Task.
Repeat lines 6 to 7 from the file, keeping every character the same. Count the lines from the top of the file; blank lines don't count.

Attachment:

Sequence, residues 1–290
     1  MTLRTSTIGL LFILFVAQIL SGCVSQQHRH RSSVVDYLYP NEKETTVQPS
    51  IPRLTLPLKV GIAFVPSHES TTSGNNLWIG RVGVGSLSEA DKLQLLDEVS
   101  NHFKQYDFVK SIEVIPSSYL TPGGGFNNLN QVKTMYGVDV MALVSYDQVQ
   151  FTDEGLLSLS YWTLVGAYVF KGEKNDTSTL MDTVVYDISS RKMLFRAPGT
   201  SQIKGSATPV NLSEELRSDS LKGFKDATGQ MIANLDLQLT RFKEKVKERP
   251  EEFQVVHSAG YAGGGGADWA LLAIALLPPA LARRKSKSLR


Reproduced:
   201  SQIKGSATPV NLSEELRSDS LKGFKDATGQ MIANLDLQLT RFKEKVKERP
   251  EEFQVVHSAG YAGGGGADWA LLAIALLPPA LARRKSKSLR